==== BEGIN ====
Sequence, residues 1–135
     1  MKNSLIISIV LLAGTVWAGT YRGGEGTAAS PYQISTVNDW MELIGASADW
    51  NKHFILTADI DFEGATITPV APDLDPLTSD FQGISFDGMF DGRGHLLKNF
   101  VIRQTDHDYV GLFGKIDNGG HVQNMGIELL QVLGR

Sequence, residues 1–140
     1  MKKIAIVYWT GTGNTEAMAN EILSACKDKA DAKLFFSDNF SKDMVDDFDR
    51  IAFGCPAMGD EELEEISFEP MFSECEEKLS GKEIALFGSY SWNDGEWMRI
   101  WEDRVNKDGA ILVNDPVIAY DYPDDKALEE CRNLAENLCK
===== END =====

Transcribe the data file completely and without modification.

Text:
Sequence, residues 1–135
     1  MKNSLIISIV LLAGTVWAGT YRGGEGTAAS PYQISTVNDW MELIGASADW
    51  NKHFILTADI DFEGATITPV APDLDPLTSD FQGISFDGMF DGRGHLLKNF
   101  VIRQTDHDYV GLFGKIDNGG HVQNMGIELL QVLGR

Sequence, residues 1–140
     1  MKKIAIVYWT GTGNTEAMAN EILSACKDKA DAKLFFSDNF SKDMVDDFDR
    51  IAFGCPAMGD EELEEISFEP MFSECEEKLS GKEIALFGSY SWNDGEWMRI
   101  WEDRVNKDGA ILVNDPVIAY DYPDDKALEE CRNLAENLCK